Making Gay Okay Ch. 2: A Quick Note on an Ettelbrick Quote


Just a quick note today on Chapter 2 of Making Gay Okay.

Reilly starts the chapter with a quote from “lesbian advocate” Paula Ettelbrick. The debate about gay marriage, Reilly tells us, is all about, in Ettelbrick’s words, “transforming the very fabric of society… [and] radically reordering society’s views of reality.”

The quote is meant to illustrate Reilly’s point—the thesis of the whole book, really—that accepting gay marriage requires a rejection of objective reality. It’s the second time he’s used the quote, and we’re only on Chapter 2. And why not? It’s a smoking gun of a quote, isn’t it? Here’s a high-powered member of the “gay lobby,” a lawyer for Lambda Legal, laying out what the religious right has told us all along is the secret agenda behind the marriage equality movement: the radical reorganization (read: the destruction) of everything society holds dear.

The problem?

The quote comes from an anti-gay-marriage essay.

Oh, it was written by a gay woman. But Andrew Sullivan called Ettelbrick one of “the fiercest critics of gay marriage (and gay conservatives) in the past.” In “Since When Is Marriage a Path to Liberation?,” from way back in 1989, Ettelbrick argued that gay rights groups should not seek the right to marry. In fact, the point Ettelbrick was making was basically the opposite of the one Reilly is trying to attribute to her: she wasn’t saying that gay marriage would destroy traditional society and therefore should be pursued (mua-ha-HA-HA!); she was arguing that traditional society needs to be destroyed but gay marriage won’t do it.

Again: Ettelbrick was arguing that gay marriage would not destroy traditional society.

This would be clearer, except that Reilly’s ellipses replace some important words in the quote he uses: “We must keep our eyes on the goals of providing true alternatives to marriage and of radically reordering society’s views of reality.“ (emphasis added) Gay marriage, Ettelbrick argued, was a move away from *her* goal of “reordering society’s views of reality,” which would be better obtained by endorsing alternatives to marriage.

I’ll leave it to y’all, dear readers, to discern whether Reilly is being deliberately deceitful in his presentation of Ettelbrick’s quote.


[There’s some dust in the middle of that quote, Reilly.]

But the point is that *her* goal is not the goal of the gay rights’ movement as a whole. In fact, I would argue that if that had been the goal, the movement never would have achieved the rapid, momentous successes it has.

As Gabriel Arana noted this week at Salon, Marc Solomon has a new book out on the history of the marriage equality movement. Arana starts out with an anecdote from the aftermath of the Goodridge decision that legalized gay marriage in Massachussetts. Arana writes:

Nearly 10 years ago, on the heels of the Massachusetts Supreme Court’s decision legalizing gay marriage in the state, gay-rights advocates faced a strategic decision. With the Legislature about to consider a constitutional amendment reining in the court’s decision, they could either push legislators to back civil unions as a compromise or face the full wrath of the opposition.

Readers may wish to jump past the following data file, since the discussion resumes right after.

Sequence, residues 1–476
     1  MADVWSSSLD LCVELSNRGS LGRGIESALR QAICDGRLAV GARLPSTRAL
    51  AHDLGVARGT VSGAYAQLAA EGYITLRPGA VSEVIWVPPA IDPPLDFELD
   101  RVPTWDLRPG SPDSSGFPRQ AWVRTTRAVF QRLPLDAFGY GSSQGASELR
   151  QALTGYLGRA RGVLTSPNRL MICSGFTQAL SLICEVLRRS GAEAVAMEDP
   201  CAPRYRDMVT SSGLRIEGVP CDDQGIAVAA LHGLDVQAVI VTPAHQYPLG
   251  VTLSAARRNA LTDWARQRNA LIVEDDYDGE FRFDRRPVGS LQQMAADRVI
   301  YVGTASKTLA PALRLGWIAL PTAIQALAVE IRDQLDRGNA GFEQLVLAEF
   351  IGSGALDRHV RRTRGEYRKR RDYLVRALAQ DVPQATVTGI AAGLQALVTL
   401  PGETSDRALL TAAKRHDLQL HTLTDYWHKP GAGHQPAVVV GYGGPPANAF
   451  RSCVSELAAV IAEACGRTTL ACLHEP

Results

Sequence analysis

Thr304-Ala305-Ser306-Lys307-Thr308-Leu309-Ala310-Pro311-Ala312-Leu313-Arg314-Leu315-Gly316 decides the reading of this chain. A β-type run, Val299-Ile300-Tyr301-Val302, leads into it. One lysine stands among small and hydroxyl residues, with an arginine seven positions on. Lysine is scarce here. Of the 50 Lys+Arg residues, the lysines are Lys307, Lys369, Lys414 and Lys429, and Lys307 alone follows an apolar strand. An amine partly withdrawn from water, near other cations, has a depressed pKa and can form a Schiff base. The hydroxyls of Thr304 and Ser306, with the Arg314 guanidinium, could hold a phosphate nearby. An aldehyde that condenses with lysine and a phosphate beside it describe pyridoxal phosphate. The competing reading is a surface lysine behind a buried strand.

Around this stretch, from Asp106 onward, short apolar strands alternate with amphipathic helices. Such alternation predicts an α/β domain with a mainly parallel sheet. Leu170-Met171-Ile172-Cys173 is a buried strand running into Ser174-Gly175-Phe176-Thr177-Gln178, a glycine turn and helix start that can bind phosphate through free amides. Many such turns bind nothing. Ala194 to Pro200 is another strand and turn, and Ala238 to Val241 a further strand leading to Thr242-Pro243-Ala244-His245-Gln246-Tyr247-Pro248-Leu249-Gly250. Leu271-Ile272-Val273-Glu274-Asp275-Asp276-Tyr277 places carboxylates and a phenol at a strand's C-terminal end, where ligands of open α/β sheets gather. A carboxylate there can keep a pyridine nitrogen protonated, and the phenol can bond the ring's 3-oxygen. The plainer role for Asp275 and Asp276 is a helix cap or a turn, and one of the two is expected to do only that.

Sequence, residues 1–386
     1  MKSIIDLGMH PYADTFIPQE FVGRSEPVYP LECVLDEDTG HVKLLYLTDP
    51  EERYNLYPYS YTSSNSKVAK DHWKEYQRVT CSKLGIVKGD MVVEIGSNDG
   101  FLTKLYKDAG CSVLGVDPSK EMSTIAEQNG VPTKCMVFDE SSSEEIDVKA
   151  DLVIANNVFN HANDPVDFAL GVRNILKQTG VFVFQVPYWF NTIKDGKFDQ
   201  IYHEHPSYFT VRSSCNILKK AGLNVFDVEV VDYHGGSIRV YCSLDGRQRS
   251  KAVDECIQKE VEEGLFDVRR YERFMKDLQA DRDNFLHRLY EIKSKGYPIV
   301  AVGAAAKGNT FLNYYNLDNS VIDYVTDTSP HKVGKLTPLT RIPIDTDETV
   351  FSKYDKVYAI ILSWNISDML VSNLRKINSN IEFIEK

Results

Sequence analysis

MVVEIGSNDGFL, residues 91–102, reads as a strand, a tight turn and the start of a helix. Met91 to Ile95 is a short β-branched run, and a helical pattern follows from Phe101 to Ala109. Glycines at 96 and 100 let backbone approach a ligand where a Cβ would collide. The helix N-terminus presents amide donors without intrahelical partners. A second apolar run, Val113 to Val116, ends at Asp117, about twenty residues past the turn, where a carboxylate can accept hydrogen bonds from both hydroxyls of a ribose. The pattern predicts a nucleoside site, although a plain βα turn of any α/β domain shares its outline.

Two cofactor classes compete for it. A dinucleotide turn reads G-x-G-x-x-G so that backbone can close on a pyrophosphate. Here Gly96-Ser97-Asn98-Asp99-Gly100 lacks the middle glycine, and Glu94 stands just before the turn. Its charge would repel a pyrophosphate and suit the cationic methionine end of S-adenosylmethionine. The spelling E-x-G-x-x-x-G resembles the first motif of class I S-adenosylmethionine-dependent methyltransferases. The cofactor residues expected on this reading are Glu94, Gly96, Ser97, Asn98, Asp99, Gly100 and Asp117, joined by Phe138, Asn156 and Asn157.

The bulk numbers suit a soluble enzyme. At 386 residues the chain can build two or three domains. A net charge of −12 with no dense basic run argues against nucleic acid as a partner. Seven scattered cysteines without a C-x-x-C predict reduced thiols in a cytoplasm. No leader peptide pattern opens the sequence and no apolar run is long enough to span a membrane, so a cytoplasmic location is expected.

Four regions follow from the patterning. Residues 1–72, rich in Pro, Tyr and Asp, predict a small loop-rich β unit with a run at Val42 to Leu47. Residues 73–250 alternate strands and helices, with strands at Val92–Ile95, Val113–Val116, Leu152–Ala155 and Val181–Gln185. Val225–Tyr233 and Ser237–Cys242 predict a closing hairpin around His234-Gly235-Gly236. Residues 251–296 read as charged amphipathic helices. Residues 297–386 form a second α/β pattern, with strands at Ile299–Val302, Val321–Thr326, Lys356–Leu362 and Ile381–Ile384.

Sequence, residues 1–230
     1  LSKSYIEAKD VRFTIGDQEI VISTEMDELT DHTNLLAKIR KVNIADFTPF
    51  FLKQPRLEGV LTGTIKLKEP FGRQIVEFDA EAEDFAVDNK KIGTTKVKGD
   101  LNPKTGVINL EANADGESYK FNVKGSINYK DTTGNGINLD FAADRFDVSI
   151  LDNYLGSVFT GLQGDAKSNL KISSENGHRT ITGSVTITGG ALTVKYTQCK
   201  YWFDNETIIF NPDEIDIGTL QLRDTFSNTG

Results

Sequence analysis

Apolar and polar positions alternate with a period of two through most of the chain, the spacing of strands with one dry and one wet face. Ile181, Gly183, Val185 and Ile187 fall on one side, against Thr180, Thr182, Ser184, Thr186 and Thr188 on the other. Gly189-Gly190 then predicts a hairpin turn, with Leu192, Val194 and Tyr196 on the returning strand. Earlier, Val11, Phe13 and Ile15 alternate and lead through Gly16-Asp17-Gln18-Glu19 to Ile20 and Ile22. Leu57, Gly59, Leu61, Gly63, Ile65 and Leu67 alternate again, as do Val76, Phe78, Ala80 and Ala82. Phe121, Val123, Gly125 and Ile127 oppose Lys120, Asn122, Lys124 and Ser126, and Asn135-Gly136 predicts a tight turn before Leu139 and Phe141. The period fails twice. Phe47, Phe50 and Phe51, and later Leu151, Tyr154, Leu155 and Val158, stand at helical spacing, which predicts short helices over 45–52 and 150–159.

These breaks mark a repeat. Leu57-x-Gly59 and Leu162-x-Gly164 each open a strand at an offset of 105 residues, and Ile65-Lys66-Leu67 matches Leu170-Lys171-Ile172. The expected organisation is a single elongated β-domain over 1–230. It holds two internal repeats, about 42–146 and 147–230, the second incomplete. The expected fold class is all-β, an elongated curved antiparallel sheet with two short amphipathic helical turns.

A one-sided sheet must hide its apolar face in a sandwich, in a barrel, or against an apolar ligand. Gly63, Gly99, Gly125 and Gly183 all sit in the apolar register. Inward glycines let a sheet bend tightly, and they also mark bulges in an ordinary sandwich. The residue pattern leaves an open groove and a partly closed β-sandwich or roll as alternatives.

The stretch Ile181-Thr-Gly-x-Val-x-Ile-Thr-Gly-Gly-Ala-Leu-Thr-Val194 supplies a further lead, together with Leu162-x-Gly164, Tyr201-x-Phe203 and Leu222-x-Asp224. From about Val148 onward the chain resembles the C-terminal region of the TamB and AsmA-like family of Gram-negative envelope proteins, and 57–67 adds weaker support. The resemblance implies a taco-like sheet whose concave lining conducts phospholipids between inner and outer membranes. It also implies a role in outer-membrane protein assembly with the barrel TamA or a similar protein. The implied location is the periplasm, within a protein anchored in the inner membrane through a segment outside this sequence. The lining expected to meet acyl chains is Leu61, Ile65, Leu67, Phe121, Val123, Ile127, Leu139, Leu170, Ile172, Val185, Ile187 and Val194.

Marc Solomon, national campaign director for LGBT-rights group Freedom to Marry, called Los Angeles City Councilman (now mayor) Eric Garcetti to ask for advice. “Fight for love,” Garcetti said. Civil unions were about legal status, about “rights”; marriage was about love.

Now, I know “love” is not a particularly convincing word for anybody that might be reading this from the Catholic Right. You all think that same-sex love is inherently unloving. So maybe a better way to formulate it is Rob Tisinai’s: “We only ask for the rights because we’ve already accepted the responsibilities.”

The point is that the movement, as it actually, historically developed, hasn’t emphasized “rights,” at least not as it has found success in changing America’s mind. This point dovetails with Chris Geidner’s 2011 account, in which he notes that the move to marriage meant abandoning a “full defense of sexual freedom.” Had it not, it likely would not have found much purchase. As Andrew Sullivan puts it, before the push for marriage equality, “[W]e had been trapped into this … ghetto of defending sexual freedom. And then asking people not to be mean to us.” And, Sullivan says, that position was getting them nowhere.

Again, Reilly would have you believe the opposite. “The subject of homosexuality…,” he writes, “has become inextricably enmeshed in the political rhetoric of rights.” And his whole book is based on the idea that marriage equality is an extension of unfettered sexual freedom, rather than its repudiation. But while marriage is a right, the push for marriage equality has been made by people who care about the telos, the purpose, and the reasons behind that right. And who see the responsibilities that come with it. The good news is that means we can have a productive conversation about the nature of sex and the place of same-sex love within that nature.

The bad news? Reilly runs away from that conversation.

But we’ll have it anyway, starting in our next post.

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